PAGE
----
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Daily Briefing February 18 2020

Free to read: EU shipowners nervously eye growing Chinese ownership | Tanker at centre of Venezuela power struggle over crude cargo sails | Carrier results will give insight to coronavirus impact | DP World delists

Good morning. Here’s our quick view of everything you need to know today.

The Lloyd’s List Daily Briefing is brought to you by the Lloyd’s List News Desk.

What to watch   |   Analysis   |   Opinion   |   Markets   |   In other news

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What to watch

The European Union should seriously examine the increasing ownership of the EU fleet from China that is happening through sale and leaseback deals, according to European Community Shipowners’ Associations secretary-general Martin Dorsman.

A tanker at the centre of Venezuela’s power struggle over crude cargo has finally set sail having discharged its crude cargo at Jose offshore terminal. The 13-month saga is a telling example of how Venezuelan crude exports have plunged amid political and economic turmoil.


World boxship fleet update: Blanked sailings and delays to scrubber retrofits have led to an increase in the fleet of idle containerships as seasonal factors combine with the outbreak of coronavirus to have an impact on fleet deployment figures. Figures from Lloyd’s List Intelligence from the end of January show that the amount of idle capacity stood at 326 vessels comprising 757,478 teu at the end of January, representing 3.4% of the global fleet. This was already up from 3.2% at the beginning of January, as the normal seasonal reduction in demand began to see idle numbers rise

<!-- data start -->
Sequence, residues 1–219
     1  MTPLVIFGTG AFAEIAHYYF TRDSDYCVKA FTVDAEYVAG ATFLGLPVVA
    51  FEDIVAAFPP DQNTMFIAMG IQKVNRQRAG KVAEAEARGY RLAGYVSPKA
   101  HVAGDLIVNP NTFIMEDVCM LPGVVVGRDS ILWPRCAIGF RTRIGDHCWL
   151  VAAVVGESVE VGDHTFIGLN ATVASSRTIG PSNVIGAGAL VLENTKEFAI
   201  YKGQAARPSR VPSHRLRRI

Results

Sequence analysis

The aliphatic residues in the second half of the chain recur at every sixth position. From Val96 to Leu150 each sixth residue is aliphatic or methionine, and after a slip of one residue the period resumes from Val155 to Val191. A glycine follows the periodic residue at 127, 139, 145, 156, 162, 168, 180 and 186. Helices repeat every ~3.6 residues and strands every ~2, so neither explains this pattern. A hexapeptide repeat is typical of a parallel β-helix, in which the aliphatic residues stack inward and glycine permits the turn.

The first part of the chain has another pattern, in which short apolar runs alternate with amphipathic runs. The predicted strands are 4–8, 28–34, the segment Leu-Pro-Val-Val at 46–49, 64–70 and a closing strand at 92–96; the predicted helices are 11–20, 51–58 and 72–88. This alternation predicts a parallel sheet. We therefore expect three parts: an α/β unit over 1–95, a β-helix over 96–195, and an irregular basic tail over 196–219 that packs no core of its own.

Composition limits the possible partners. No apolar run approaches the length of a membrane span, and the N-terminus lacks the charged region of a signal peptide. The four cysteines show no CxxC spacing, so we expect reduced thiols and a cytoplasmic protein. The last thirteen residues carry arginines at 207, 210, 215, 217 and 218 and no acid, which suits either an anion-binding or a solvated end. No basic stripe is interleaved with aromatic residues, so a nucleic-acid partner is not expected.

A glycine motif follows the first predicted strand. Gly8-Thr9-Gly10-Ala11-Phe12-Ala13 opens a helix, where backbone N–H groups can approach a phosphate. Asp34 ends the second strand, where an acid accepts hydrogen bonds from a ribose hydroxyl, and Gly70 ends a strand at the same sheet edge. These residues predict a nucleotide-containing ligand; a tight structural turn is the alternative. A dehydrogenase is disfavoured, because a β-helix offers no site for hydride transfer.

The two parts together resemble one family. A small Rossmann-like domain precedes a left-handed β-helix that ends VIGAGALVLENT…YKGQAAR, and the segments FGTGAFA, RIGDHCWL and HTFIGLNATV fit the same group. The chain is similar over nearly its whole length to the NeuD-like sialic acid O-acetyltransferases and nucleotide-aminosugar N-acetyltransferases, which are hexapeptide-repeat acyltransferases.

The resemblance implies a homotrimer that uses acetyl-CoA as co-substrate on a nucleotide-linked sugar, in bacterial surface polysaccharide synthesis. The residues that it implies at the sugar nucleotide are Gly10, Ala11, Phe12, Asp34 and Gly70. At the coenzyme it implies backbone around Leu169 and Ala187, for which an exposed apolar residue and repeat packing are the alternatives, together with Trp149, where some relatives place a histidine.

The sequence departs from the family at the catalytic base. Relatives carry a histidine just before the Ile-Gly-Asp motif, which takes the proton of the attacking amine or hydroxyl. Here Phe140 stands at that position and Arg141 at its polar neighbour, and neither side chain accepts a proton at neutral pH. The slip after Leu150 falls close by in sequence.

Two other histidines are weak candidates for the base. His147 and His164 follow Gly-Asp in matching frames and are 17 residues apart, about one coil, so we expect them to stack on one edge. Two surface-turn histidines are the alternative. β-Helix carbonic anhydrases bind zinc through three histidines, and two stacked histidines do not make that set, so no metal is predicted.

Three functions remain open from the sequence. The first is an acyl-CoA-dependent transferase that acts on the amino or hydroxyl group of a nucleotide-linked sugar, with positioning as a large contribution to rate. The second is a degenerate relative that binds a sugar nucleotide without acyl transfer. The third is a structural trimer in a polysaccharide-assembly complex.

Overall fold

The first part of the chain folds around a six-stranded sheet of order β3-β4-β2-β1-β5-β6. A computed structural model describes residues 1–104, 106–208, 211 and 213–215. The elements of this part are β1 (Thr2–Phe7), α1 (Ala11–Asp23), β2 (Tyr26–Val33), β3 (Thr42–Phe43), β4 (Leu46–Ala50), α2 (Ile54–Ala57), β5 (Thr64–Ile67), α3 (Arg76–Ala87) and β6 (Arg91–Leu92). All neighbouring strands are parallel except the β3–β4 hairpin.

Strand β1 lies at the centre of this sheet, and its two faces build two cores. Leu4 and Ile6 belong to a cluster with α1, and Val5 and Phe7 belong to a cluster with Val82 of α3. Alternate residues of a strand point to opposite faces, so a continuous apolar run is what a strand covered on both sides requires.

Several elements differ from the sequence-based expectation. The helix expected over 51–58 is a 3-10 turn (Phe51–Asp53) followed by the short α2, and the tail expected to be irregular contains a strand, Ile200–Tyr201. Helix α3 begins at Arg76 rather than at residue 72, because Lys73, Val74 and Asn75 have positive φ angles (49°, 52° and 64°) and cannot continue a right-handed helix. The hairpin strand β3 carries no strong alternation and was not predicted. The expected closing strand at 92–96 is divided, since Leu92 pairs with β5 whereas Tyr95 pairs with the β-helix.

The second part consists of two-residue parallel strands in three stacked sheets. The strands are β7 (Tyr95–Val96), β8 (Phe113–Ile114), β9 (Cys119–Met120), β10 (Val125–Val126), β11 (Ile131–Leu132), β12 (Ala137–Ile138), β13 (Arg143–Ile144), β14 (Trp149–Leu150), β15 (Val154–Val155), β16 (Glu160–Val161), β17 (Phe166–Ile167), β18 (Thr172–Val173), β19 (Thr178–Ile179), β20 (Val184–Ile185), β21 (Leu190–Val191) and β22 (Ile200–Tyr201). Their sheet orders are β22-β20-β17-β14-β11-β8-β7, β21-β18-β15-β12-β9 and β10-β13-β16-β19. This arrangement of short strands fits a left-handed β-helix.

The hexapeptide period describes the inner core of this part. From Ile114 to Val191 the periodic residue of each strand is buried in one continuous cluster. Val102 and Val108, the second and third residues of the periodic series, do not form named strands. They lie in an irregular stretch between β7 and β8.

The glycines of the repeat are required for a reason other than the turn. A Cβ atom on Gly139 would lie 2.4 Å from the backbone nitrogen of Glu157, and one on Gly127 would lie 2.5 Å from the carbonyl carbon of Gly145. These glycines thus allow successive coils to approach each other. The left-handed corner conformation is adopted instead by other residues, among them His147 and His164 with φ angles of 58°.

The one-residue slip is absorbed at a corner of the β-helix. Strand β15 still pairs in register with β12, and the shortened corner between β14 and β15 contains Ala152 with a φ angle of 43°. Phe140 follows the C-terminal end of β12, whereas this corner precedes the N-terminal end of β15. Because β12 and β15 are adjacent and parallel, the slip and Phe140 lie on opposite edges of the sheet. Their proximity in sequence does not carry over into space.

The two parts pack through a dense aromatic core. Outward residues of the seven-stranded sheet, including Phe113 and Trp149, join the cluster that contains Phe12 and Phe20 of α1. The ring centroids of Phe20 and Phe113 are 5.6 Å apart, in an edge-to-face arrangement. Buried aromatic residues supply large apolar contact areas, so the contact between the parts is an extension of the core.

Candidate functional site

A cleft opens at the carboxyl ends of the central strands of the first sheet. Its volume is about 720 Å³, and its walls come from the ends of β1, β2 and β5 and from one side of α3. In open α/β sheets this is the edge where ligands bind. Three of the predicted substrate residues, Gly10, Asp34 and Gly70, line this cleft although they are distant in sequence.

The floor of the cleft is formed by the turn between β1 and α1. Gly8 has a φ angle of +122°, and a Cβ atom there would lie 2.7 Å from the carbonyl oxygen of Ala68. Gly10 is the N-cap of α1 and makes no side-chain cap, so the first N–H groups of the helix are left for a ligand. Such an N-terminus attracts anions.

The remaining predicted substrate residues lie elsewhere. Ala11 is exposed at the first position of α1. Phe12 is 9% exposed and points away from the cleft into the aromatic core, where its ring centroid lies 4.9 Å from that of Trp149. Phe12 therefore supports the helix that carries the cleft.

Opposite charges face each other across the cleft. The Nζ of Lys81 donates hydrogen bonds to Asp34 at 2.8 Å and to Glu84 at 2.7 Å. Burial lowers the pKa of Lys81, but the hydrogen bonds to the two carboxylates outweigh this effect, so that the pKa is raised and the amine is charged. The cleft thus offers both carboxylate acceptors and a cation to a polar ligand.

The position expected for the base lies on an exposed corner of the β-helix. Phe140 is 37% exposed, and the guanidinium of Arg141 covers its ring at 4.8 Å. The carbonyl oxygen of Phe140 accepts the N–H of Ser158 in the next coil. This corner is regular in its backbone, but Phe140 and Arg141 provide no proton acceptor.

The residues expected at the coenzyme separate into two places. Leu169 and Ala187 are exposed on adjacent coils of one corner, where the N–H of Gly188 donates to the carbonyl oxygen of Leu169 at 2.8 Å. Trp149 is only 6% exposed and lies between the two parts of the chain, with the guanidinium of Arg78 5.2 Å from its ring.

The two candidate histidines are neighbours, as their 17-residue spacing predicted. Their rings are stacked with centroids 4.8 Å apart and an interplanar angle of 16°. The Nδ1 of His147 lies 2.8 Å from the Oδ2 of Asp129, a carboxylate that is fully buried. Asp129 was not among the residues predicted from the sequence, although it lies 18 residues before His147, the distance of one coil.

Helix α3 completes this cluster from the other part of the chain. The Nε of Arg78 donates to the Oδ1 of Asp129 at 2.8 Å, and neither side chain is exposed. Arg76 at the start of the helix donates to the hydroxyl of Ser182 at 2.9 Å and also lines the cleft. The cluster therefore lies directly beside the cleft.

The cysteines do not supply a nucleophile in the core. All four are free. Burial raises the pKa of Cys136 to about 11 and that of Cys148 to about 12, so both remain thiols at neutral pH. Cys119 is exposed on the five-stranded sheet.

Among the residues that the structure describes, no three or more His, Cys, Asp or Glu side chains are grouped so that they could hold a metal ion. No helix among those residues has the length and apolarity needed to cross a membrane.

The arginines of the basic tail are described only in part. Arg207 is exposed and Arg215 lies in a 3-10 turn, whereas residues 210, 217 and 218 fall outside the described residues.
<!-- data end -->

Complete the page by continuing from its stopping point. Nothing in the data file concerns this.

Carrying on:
With leading container lines Maersk and Hapag-Lloyd providing 2019 results this week, all eyes will be on their outlooks for the year ahead. Reduced volumes out of China in the first quarter will likely lower earnings estimates for the 2020, but an increase in volume could follow the reopening of China’s factories, writes James Baker.


Demand for tankers is expected to outpace the growth in crude seaborne trade in 2020. Shipbroker Braemar ACM forecasts rising longer-haul voyages to Asia to offset coronavirus-led falls in demand growth.

Container shipping carriers are being hit by weakened spot rates, despite the efforts made to pare back capacity amid the effects on world trade of the coronavirus.

Carriers are imposing reefer surcharges into China ports. Hapag-Lloyd, ONE, CMA CGM and its APL unit have slapped surcharges on reefer containers going to Shanghai, Xingang and Ningbo. Other carriers have also warned of disruptions to box routings and discharge schedules.

In other news

DP World and its majority owner Port and Free Zones World offered on Monday to pay $16.75 per share, a 29% premium on the closing market price of $13 on Sunday, to acquire the 19.55% of DP World listed on the exchange.

American Hellenic Hull Insurance Company has increased its fleet by 16% over the past year. The Cyprus and Greece-based insurer said that its covered fleet stood at 2,636 vessels in January, which it said was a record start to a year so far in terms of premium.

Green activist groups have taken to the streets outside the International Maritime Organization to protest the use and carriage of heavy fuel oil in the Arctic today as the IMO’s pollution subcommittee meets to discuss the issue.

The Indian government has approved a long-awaited reform bill designed to overhaul and modernise the country’s public sector ports to improve their efficiency and competitiveness.





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